April 18, 2020 at 12:35 pm PDT | by John Paul King
Virtual screening set for restored doc about early queer history

Image courtesy of Tenderloin Museum

Quarantined documentary fans can get a rare glimpse at pre-Stonewall queer history next week, thanks to San Francisco’s Tenderloin Museum and Roxie Theatre, who are joining forces to present a digital screening of a rarely-seen film delving into the Tenderloin’s early queer movements during the ’60s and ’70s.

“Gay San Francisco,” created by filmmaker Jonathan Raymond, gives an unabashedly raw window into queer life decades ago. “A true mondo film with no shortage of pornographic material,” according to publicity materials, it offers “scenes from San Francisco’s thriving LGBTQ culture, interviews with gay men and transwomen, and rare pieces from a Halloween drag show at the historic On The Levee gay bar, emceed by the legendary Charles Pierce.” Tackling “gay and erotic themes with a respect and humor that was all but unheard of at the time of its shooting,” Raymond’s unusual movie “gives a shockingly complete depiction of homosexual life in […] the Tenderloin, San Francisco’s first queer neighborhood.”

The obscure documentary was discovered by filmmakers Susan Stryker and Victor Silverman, who used material from it in their Emmy-winning documentary “Screaming Queens: The Riot at Compton’s Cafeteria,” after being presented with the original 16mm film by its cinematographer, Ed Muckerman. Restored from the original print and transferred to digital in a collaboration between Tenderloin Museum and California Preservation Program, this extended version features, among other new scenes, lesbian subject matter and a fetish “tickle sacrifice” scene.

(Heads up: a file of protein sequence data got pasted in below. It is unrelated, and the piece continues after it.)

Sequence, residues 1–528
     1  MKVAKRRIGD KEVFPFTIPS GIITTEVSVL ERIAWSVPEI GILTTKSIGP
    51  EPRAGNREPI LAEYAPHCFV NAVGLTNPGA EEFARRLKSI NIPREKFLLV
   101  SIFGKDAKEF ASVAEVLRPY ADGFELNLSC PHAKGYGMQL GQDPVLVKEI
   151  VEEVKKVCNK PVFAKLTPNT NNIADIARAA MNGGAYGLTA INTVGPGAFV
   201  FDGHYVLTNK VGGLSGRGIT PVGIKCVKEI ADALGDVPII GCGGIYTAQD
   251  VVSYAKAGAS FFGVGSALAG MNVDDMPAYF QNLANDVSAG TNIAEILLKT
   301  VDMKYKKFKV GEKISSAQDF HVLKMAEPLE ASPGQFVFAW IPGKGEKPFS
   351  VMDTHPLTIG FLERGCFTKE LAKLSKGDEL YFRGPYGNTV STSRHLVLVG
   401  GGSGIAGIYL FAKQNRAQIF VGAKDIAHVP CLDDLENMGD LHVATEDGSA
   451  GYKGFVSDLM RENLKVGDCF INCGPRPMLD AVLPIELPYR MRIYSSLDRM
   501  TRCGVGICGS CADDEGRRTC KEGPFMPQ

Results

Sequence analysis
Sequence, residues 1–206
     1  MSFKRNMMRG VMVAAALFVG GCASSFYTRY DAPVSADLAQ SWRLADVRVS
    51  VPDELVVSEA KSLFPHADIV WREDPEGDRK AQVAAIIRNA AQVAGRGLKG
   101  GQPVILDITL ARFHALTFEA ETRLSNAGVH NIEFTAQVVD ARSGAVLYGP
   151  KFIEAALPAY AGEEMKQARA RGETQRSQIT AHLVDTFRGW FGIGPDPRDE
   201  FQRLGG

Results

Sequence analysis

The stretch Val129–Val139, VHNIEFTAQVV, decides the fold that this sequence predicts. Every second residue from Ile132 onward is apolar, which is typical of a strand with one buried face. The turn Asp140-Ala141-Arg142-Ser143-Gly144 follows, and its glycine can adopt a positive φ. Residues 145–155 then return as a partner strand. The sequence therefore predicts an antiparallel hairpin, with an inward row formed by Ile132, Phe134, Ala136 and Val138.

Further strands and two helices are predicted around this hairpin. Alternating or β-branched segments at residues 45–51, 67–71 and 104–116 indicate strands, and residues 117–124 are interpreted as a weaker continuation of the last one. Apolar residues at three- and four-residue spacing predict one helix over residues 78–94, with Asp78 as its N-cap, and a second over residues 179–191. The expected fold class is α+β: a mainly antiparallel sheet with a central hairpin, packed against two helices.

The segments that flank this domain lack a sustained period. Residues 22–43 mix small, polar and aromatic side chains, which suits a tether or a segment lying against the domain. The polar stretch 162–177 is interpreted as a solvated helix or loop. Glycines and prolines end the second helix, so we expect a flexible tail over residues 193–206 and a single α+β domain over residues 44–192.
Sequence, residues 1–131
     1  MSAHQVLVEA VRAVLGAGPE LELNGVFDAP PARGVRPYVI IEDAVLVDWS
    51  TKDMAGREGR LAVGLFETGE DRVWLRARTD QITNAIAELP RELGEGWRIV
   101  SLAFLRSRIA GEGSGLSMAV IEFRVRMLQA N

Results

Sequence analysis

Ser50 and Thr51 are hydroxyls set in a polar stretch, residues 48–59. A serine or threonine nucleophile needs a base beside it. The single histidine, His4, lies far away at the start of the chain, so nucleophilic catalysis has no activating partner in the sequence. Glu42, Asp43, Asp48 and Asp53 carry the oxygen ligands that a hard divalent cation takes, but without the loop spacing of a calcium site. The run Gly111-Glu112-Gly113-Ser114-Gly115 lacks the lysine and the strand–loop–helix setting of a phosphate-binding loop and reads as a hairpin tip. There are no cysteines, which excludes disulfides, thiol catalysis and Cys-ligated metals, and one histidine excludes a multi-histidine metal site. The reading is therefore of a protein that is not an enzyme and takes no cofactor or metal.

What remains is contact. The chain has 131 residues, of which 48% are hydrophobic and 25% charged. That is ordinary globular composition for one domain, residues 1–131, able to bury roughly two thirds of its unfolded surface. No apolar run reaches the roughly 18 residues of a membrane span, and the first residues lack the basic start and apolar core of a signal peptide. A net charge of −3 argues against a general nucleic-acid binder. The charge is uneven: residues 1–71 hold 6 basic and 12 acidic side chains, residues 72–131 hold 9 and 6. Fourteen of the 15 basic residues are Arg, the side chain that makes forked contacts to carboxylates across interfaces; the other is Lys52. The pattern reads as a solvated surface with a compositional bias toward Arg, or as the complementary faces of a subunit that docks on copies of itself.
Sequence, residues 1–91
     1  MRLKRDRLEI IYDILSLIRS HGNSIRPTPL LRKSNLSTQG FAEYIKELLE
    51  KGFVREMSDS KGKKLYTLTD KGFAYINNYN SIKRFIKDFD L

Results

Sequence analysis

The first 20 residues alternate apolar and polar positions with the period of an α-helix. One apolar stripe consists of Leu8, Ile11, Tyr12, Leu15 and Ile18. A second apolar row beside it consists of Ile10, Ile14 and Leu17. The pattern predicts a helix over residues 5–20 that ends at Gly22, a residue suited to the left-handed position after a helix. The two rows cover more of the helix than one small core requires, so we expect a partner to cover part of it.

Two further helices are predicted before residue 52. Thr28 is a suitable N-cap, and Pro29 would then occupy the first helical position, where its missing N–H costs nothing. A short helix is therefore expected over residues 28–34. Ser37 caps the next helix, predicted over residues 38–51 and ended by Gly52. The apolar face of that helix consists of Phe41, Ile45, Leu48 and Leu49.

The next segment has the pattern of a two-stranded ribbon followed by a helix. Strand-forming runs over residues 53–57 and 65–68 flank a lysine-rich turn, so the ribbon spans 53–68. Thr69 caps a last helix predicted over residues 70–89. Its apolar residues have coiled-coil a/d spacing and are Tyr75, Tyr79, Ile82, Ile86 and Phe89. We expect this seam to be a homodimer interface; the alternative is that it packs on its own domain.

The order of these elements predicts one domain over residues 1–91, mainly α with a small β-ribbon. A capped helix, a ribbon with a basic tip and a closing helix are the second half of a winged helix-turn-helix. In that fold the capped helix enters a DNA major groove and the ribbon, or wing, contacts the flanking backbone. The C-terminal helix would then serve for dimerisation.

The virtual event will feature an introduction by Stryker, who in addition to being a filmmaker, is a lauded historian and longtime Tenderloin Museum collaborator, She will be joined by fellow San Francisco queer history expert Kirk Frederick, the author of “Write That Down! The Comedy of Male Actress Charles Pierce” and co-author (with Christopher Stone) of an upcoming book, “The Gayest Generation,” that looks at the people, places, and events of the ’70s that propelled the Gay Rights movement forward in San Francisco and Los Angeles.

Kirk Frederick, pictured with Charles Pierce (R) in a production photo from the ground-breaking queer play “Geese” in 1969. Frederick served as Pierce’s stage manager for 20 years and later authored a book about the iconic “male actress.” (Photo courtesy of Frederick)

Both Stryker and Frederick will participate in a Q&A immediately following the film’s screening.

Presented by TLM Online and the Roxie Virtual Theatre, “Gay San Francisco” will screen digitally on Tuesday, April 20, from 6:00 PM – 8:00 PM PDT. Tickets are free, though a donation of $10 is suggested from those who have the means, and can be reserved on Eventbrite.

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